WELCOME TO TIM CURTIN'S CYBERHOME
about tim | publications
| contact | home
Expert: Bank robs PNG of
more logging revenue
April 29th, 2006
A RESPECTED Australian economist has argued that
World Bank intervention in PNG’s logging industry has stifled
exports that could be worth K13 billion compared with only K416
million in 2003.
Economist Tim Curtin compared Papua New Guinea
with Sweden and suggested that PNG’s logging exports could
be worth K13 billion or nearly double the country’s total
exports in 2003.
“A seriously rich country like Sweden, unimpeded
by the World Bank, had been logging at rates of up to 70 million
cubic metres a year for the last decade, 35 times more than Papua
New Guinea,” he said.
Mr Curtin said this was despite the fact that PNG had a much larger
forested area – 369,000 sq km compared with Sweden’s
244,000 sq km.
“Were PNG to attain Sweden’s level
of output and there is no reason why it could not, given its equal
– possibly superior – suitability for softwood pine
forests, then its logging exports could be worth K13 billion,”
he said in a paper that will form part of a forthcoming book, Land,
Law and Economic Development in PNG.
New Zealand, he said, provided a similar example
with loggers producing nearly 10 times as much as PNG in the 1990s,
“but from a forested area that is only 7% of the country’s
smaller total land area”.
Such a scale of operations would require large plantations and progress
to such a phase has hardly begun in PNG partly “because of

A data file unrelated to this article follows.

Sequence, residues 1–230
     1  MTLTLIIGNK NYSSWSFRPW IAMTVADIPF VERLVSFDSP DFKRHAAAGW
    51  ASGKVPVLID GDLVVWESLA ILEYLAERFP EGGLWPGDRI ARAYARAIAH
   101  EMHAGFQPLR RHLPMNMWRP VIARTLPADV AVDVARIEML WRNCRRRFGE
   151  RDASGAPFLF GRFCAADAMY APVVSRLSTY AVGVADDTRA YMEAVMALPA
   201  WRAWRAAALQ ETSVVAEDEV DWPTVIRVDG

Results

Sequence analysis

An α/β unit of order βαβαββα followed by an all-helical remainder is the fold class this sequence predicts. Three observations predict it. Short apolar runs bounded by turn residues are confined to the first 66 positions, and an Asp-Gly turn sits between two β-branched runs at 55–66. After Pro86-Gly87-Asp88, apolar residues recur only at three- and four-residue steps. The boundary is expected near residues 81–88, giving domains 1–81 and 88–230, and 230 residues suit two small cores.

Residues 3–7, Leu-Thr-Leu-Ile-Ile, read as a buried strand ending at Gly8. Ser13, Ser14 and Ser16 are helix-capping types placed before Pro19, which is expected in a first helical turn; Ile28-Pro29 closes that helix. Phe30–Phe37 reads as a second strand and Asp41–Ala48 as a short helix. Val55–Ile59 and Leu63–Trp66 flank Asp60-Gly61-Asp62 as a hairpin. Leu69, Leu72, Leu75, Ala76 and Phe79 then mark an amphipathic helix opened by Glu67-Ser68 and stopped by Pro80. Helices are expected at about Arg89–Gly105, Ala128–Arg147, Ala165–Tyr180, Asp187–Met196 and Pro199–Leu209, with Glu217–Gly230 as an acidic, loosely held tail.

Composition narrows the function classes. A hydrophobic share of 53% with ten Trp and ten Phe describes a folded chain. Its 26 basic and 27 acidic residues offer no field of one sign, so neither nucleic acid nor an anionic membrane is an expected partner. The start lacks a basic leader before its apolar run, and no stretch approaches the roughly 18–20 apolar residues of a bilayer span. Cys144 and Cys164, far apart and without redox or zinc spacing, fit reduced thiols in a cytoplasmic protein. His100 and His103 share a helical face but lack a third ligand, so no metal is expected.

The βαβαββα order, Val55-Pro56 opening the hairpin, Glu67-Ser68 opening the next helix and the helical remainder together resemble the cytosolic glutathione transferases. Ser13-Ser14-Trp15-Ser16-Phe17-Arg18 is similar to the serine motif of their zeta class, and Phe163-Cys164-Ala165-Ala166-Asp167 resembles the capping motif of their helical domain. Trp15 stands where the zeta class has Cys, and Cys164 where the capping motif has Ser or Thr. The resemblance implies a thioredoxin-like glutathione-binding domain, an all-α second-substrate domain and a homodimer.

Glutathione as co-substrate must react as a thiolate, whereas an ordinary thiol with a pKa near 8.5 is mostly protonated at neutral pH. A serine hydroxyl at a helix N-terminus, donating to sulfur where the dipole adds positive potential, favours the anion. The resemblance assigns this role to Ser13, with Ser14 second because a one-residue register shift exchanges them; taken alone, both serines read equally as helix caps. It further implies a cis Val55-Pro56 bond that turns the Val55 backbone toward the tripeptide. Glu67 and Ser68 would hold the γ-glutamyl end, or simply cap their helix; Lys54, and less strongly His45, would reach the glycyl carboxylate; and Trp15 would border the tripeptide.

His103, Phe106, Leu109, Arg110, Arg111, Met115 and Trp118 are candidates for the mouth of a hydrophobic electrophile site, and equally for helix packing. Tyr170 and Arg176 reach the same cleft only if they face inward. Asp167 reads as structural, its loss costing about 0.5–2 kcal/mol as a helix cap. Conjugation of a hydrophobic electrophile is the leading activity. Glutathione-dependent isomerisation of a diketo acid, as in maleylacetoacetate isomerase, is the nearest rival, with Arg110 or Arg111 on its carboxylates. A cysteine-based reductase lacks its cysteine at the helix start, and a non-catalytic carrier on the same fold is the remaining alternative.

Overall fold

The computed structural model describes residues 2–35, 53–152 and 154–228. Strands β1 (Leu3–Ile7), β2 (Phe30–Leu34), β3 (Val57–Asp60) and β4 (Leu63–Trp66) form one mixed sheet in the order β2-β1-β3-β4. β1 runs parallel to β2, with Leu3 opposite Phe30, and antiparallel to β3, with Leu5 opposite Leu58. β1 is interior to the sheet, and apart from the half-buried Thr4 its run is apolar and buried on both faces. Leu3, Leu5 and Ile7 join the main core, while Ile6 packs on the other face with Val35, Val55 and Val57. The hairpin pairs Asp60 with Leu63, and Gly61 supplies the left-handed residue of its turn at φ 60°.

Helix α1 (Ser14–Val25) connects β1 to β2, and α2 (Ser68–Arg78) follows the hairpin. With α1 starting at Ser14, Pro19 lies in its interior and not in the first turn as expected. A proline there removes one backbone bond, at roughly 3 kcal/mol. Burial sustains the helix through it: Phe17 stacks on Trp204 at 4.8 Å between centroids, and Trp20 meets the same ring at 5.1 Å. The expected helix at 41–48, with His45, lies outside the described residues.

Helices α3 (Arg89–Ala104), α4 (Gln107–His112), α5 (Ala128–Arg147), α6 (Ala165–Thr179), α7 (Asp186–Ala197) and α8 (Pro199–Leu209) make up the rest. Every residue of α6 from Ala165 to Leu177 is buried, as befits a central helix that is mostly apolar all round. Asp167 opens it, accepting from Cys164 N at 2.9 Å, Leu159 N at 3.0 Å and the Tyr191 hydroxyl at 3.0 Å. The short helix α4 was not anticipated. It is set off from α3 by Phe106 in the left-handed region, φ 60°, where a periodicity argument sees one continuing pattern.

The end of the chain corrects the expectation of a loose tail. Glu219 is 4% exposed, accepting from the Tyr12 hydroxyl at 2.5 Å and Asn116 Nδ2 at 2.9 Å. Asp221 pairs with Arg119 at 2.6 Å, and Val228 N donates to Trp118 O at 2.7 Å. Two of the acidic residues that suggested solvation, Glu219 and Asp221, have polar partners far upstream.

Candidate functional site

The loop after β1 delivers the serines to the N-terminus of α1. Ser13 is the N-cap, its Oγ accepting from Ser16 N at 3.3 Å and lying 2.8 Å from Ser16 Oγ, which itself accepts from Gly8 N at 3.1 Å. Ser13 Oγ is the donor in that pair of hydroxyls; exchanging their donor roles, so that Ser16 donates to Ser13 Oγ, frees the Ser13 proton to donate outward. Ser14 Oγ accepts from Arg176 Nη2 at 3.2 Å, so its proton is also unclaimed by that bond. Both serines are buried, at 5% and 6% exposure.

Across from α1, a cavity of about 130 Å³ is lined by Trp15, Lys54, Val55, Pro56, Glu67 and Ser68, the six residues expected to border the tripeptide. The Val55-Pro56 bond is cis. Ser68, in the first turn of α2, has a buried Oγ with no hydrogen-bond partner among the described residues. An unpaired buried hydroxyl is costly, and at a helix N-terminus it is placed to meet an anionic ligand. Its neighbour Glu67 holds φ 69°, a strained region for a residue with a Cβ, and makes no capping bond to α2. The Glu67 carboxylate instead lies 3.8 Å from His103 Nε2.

the difficulty in securing government approval and landowner participation
in the required transition”.
Mr Curtin also supported the PNG Government’s
decision in May last year to reject the World Bank’s Forest
Conservation Project loan of US$17 million (K53 million).
It was “highly unlikely” the loan
would “generate sufficient tax revenue to enable the government
to repay the full loan which, with interest, could be well over
US$35 million (K109 million).
The World Bank had claimed the loan would generate
financial and economic rates of return of 21% annually but this
was unlikely since the main component of US$6.4 million (K20 million)
was for workshops and seminars to improve landowner decision-making.
The loans required payment with interest, commitment
fees of 0.85% a year for the first four years and front end fees
Mr Curtin said PNG exports of forest product,
mainly two million cubic metres of logs, had contributed K415.8
million, or 5.3% of total exports worth K7.79 billion, “despite
the World Bank imposed export tax system”.
He also criticised the view of another Australian
economist Helen Hughes, that land reform and a massive expansion
of oil palm plantations could help PNG achieve a 7% growth rate.
He said another economist, Michael Bourke, had
shown the improbability of this analysis by pointing out that to
replace crude oil and mineral exports, palm oil would need to be
planted over 1.5 million hectares compared with only 108,000 ha
Mr Curtin said: “If anything, Bourke was
too kind to Hughes – his demolition would have been complete
if he had noticed that her projected growth rate for PNG’s
oil palm exports would within 15 years imply output greater than
current world consumption – and as a result a collapse in
the world price.
“By then, the area under palm oil would
have to be over seven million ha – another implausibility,
as Bourke points out.”
Australian National University
back to top